I've developed an appreciate for Quindlen's work, and loved her last novel Miller's Valley, set in an insular community in rural Pennsylvania. Her new novel centers on another unique community: a well-to-do corner of the Upper West Side, noteworthy as the only cul-de-sac in Manhattan, and an act of violence that disrupts the easy status quo the residents have (on multiple levels) reached. I appreciated the way Quindlen probed questions of marriage, family, complacency, and class issues, but it was darker than I was expecting. The tone and content reminded me a lot of Emma Straub's Modern Lovers, but with a lot less sex.
The tensions in a tight-knit neighborhood – and a seemingly happy marriage – are exposed by an unexpected act of violence in this provocative new novel from the number-one New York Times best-selling author of Miller’s Valley and Still Life with Bread Crumbs.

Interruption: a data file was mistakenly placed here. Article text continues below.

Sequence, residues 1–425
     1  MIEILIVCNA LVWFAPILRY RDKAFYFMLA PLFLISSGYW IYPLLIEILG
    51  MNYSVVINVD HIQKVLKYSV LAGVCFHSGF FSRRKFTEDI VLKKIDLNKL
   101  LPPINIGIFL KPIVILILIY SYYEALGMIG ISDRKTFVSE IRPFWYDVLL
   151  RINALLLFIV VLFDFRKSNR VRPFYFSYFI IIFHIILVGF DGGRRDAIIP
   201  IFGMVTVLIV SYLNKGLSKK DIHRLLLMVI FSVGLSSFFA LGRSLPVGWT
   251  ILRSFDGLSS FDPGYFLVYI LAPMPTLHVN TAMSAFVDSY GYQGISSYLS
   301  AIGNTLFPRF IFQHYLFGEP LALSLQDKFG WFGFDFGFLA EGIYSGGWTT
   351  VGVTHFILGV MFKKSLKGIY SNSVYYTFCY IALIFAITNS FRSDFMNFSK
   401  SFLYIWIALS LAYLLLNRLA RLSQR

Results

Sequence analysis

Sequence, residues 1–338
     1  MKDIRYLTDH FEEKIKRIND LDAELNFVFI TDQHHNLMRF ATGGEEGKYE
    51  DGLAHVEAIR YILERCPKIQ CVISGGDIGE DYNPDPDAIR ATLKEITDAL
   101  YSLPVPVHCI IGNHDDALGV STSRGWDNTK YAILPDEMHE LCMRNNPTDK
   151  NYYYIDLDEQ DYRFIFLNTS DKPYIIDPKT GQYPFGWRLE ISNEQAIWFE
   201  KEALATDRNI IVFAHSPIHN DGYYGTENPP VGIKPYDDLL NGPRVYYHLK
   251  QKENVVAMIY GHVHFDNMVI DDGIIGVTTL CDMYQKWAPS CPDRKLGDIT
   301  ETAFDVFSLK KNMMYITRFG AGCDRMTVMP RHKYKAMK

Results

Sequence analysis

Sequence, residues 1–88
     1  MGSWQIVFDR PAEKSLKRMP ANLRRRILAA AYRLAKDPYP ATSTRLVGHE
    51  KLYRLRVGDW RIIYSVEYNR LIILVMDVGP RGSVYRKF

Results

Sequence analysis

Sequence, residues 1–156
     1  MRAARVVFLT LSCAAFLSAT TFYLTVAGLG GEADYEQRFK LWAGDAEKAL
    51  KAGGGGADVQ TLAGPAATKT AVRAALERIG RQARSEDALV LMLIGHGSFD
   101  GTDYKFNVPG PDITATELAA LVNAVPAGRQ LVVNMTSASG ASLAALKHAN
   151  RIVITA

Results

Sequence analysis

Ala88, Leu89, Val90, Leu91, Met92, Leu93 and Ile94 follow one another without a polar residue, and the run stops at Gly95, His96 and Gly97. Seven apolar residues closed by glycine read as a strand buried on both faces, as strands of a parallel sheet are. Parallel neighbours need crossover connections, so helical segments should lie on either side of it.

Some days Nora Nolan thinks that she and her husband, Charlie, lead a charmed life – except when there’s a crisis at work, a leak in the roof at home, or a problem with their twins at college. And why not? New York City was once Nora’s dream destination, and her clannish dead-end block has become a safe harbor, a tranquil village amid the urban craziness. Then one morning she returns from her run to discover that a terrible incident has shaken the neighborhood, and the fault lines begin to open: on the block, at her job, especially in her marriage. With humor, understanding, an acute eye, and a warm heart, Anna Quindlen explores what it means to be a mother, a wife, and a woman at a moment of reckoning.